Most children in this age group are tall enough so the shoulder and lap belt fit properly. However, your child may need to use a booster seat if he/she is less than 4 feet and 9 inches tall. Place your child on the vehicle seat buckle up without the booster seat and answer the following questions.

A boy using a booster seat and lap and shoulder safety belts in a motor vehicle.

It is safe to use a lap and shoulder belt without a booster seat when you can answer "

  1. While sitting with his/her back up against the vehicle seat, does your child's knees bend comfortably over the front edge of the seat?
  2. Does the lap belt cross over the upper legs or hips (not over the stomach)?
  3. Does the shoulder belt rest on the shoulder or collarbone (not touching the neck)?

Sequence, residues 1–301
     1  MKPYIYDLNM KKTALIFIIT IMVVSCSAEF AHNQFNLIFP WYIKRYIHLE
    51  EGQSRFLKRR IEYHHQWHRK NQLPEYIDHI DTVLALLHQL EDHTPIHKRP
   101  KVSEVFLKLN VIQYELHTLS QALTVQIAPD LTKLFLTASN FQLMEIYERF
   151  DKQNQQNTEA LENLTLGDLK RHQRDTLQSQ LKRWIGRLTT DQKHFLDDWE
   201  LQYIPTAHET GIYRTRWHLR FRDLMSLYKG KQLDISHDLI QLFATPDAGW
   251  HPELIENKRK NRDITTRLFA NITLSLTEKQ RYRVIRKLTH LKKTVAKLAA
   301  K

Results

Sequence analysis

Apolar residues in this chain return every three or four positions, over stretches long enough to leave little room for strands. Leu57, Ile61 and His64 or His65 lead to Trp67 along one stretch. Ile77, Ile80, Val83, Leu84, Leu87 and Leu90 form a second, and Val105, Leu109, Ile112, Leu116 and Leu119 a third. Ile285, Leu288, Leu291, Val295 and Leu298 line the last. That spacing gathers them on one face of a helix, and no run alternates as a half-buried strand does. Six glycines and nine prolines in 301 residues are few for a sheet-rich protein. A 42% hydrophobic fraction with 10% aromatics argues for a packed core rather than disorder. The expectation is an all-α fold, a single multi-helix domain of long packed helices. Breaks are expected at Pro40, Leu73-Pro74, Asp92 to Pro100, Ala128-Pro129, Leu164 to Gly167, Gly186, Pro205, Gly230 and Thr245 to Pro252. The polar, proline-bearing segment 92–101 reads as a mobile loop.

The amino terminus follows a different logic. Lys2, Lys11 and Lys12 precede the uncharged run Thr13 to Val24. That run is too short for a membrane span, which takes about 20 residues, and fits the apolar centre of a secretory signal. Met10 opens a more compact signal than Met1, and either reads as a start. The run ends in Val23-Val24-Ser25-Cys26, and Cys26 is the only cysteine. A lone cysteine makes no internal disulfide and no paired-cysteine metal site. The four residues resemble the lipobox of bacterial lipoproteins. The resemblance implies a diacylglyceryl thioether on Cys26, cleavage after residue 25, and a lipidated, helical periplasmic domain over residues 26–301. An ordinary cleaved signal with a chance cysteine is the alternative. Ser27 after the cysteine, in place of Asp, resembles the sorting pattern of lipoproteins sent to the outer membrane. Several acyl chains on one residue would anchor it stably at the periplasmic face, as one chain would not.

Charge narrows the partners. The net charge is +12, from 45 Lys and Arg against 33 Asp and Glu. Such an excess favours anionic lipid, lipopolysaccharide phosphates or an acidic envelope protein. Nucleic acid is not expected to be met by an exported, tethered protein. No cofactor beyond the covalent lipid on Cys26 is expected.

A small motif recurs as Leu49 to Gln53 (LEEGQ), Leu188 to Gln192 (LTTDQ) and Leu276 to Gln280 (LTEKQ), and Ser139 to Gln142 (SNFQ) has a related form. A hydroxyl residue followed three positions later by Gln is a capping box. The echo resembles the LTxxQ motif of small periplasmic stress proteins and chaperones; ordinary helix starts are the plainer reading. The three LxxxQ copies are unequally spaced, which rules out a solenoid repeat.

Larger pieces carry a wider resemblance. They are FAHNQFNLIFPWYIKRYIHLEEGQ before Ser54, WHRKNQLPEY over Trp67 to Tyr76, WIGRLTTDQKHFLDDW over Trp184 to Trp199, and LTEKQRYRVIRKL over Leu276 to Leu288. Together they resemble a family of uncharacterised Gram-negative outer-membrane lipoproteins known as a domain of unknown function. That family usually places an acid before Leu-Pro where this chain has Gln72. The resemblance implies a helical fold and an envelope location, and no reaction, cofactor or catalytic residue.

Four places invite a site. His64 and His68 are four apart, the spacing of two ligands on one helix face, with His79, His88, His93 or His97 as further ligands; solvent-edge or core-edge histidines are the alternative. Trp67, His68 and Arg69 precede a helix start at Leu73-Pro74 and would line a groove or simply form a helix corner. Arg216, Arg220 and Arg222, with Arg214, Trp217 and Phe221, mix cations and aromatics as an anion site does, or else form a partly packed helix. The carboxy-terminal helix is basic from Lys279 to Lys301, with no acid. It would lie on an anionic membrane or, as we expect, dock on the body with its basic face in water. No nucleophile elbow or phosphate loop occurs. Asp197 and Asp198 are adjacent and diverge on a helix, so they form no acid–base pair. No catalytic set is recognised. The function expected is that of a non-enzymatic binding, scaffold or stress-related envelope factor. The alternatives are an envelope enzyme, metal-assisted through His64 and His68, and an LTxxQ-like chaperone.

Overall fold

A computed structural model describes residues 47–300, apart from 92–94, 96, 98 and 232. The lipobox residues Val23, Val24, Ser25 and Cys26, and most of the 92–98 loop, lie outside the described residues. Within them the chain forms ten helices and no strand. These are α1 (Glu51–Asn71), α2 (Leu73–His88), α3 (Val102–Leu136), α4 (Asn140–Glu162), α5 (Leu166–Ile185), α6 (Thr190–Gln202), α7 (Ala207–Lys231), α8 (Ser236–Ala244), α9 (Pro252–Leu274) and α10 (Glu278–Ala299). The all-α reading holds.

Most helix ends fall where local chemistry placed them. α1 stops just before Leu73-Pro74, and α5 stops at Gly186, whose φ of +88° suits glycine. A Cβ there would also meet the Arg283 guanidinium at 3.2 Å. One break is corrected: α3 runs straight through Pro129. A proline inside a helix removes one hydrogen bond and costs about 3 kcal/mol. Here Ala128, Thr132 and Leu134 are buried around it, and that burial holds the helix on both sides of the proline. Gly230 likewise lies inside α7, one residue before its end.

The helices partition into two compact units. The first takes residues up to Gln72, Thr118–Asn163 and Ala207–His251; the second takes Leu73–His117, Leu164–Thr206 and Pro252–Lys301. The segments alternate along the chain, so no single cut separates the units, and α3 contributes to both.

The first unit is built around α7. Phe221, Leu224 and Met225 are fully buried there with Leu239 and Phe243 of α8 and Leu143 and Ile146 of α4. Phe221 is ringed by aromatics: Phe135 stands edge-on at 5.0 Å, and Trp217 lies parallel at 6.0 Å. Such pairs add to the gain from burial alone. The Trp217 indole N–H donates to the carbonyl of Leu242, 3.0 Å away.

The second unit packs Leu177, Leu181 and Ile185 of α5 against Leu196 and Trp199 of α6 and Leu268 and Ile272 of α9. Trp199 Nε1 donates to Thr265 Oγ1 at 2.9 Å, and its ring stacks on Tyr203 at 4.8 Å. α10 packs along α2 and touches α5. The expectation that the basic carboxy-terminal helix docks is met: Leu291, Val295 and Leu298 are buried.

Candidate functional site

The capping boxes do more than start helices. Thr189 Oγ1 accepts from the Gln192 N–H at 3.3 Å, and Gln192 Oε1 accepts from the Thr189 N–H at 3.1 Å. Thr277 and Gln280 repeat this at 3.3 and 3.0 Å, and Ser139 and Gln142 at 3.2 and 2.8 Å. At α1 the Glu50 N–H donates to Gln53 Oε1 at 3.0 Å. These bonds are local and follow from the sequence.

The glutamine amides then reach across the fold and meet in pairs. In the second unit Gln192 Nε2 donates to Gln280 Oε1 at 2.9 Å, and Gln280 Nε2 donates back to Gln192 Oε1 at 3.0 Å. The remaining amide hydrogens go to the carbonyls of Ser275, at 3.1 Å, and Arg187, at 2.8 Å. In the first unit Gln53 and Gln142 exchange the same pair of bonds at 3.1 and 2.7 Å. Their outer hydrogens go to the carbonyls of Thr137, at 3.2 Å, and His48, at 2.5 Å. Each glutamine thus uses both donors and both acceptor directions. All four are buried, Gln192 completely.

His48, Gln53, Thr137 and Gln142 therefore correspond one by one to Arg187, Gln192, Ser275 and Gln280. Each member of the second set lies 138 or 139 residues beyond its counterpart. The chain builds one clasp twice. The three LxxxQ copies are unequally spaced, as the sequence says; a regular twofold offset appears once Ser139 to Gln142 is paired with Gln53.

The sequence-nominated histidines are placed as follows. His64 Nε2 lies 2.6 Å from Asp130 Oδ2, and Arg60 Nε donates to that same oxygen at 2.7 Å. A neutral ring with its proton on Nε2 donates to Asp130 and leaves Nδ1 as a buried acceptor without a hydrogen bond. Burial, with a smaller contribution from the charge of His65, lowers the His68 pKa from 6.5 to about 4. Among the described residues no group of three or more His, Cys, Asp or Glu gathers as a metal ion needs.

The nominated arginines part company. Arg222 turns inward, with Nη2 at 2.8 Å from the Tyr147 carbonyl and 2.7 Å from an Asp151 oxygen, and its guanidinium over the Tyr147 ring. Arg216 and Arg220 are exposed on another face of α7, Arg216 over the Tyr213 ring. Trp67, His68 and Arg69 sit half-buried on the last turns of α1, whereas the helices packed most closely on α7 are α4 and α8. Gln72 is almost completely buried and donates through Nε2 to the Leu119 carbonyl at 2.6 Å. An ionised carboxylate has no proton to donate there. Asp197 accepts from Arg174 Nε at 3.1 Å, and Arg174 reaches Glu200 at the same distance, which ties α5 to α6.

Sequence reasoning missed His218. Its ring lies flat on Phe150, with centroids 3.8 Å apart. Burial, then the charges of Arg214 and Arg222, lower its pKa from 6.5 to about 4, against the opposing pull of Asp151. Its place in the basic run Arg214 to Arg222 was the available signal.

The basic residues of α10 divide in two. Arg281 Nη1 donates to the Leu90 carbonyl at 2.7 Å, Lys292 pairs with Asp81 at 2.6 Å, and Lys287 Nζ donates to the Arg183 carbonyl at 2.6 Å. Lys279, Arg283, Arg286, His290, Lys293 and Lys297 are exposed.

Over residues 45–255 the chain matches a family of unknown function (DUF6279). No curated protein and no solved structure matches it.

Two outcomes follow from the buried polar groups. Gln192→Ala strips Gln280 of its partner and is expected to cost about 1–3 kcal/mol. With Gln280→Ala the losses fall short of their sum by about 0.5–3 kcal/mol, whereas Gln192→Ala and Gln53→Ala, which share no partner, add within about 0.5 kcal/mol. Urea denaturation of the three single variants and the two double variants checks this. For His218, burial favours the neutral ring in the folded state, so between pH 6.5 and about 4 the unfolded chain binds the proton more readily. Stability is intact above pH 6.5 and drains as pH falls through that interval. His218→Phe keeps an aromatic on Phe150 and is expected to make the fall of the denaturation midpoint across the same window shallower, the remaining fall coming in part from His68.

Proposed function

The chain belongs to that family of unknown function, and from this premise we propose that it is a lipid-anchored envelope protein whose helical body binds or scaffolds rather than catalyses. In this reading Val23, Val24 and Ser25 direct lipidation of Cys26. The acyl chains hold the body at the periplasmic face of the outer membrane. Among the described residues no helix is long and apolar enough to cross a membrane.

4. Can your child keep the correct seating position during the entire trip in the car? If the child slouches or shifts positions so the safety belt touches the face, neck or stomach, a booster seat should be used.

Have your child take this test for each vehicle they ride as vehicles differ in the size of their seats and locations of their seat belts.

When is it safe for my child to ride in the front seat?

Children age 12 and under should ride in the back seat as this is the safest place to sit in a vehicle.

My child wants to sit in the front seat. What can I do to encourage them to continue to sit in the back seat?

  • Let your child know that his or her safety is your main concern and explain the benefits of riding in the back seat. Allow your child to pick the radio station or CD he or she wants to listen to on trips.
  • Let your child "own" their space in the back seat and allow him or her to set up places to keep things, such as electronic games, so that's the first place they will want to go. Make sure you have a place to store items to keep them secured. In a crash, unsecured items can fly around in the vehicle injuring occupants.

My child does not want to buckle up. What can I do?